co-author of the study, says additional work by his group has shown that
xanthohumol appears to be absorbed well by the body-suggesting, he says,
that it will have clinical benefit. It also breaks down into two more
anti-oxidants, multiplying its protective potential, Miranda says.
The problem, Buhler says, is that xanthohumol is such a small component
of hops that it doesn't make sense to rely on beer to get it. It would
be better, he says, to increase the xanthohumol content of hops,
presumably through selective breeding or genetic engineering, or to make
a non-alcoholic brew that's rich in the compound. But the best method
in Buhler's mind would be to synthesize the molecule into a pill. "And
if you want to drink a little beer with it, that's fine," he says.
DOWNING A BEER IN A PUBLIC TOILET by Jess Smee (Reuters) July 24, 2001,
Halifax, England [from Dianna Fisher]
Downing a pint of beer in a public toilet is not everyone's idea of a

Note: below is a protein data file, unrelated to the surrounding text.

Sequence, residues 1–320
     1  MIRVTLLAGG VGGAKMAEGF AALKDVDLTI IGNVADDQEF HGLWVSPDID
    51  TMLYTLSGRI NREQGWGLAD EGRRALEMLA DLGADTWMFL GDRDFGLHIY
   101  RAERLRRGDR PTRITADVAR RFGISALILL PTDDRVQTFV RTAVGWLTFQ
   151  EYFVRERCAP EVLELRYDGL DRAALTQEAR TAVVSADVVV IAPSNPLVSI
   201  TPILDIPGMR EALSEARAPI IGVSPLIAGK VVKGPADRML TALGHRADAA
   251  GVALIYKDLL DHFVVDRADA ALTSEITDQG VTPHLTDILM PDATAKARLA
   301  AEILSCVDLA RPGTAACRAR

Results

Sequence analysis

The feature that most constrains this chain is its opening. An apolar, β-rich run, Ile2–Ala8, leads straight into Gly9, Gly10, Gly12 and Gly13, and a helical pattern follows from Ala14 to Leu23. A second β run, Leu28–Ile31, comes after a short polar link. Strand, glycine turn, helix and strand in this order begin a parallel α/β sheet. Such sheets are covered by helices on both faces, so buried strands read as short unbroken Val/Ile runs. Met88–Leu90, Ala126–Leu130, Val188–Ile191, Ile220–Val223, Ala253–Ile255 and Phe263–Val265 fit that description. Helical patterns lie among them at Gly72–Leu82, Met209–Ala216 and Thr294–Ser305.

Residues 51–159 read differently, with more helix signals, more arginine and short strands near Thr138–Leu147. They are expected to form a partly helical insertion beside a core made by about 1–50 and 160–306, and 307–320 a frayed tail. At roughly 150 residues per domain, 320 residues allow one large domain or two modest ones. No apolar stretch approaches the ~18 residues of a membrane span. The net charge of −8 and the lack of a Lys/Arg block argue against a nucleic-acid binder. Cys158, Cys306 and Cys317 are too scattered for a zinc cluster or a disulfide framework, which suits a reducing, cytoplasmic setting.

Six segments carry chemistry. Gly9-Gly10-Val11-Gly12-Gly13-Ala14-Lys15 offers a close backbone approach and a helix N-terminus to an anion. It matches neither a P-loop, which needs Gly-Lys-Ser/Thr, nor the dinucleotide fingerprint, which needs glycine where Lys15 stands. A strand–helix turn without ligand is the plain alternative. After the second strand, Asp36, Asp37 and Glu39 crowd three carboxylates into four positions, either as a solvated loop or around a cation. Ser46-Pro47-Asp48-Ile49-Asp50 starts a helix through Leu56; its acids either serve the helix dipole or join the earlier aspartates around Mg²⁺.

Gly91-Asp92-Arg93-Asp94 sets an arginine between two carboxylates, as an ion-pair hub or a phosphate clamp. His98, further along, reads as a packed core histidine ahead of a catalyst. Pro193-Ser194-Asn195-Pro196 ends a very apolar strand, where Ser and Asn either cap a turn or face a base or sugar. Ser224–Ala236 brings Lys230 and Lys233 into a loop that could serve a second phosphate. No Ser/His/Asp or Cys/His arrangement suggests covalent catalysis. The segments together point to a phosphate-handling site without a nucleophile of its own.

night out, but in Halifax, Britain's pub capital, an ex-lavatory is
pulling in the drinkers. The northern town overflows with more pubs per
house than anywhere else in the country. Among its drinking houses is a
converted bank, a cinema, and an underground public lavatory.
"It's a great haunt," one Halifax drinker said standing by the dark
steps people used to descend for relief rather than refreshment. "It
gets a bit packed, but apart from the entrance you'd never think of it
as a public toilet." The bar, called W.C.s when it opened, became
Number 15 after a management change. Around the corner, Coiners, a
former bank, is another local favorite.
PubSpeak and The Real Ale Paper, are two pub newspapers, designed to
keep drinkers up to date. The local paper, The Evening Courier, even
boasts its own pub correspondent. "It's a classic pub town," said
Steven Fletcher, who covers news from the bars. With one pub for every
331 houses, twice the national average, Halifax tops the national list.
At the dry end of the spectrum, Sutton in southern England has one pub
for 17,000 dwellings.
Over in a more traditional public house, The Brass Cat, amid lingering
smoke, the landlord said business is booming despite stiff competition.
"It's not just locals," the stocky patron said, pulling a pint of
Tetley's, a bitter brewed in nearby Leeds. "People come in from all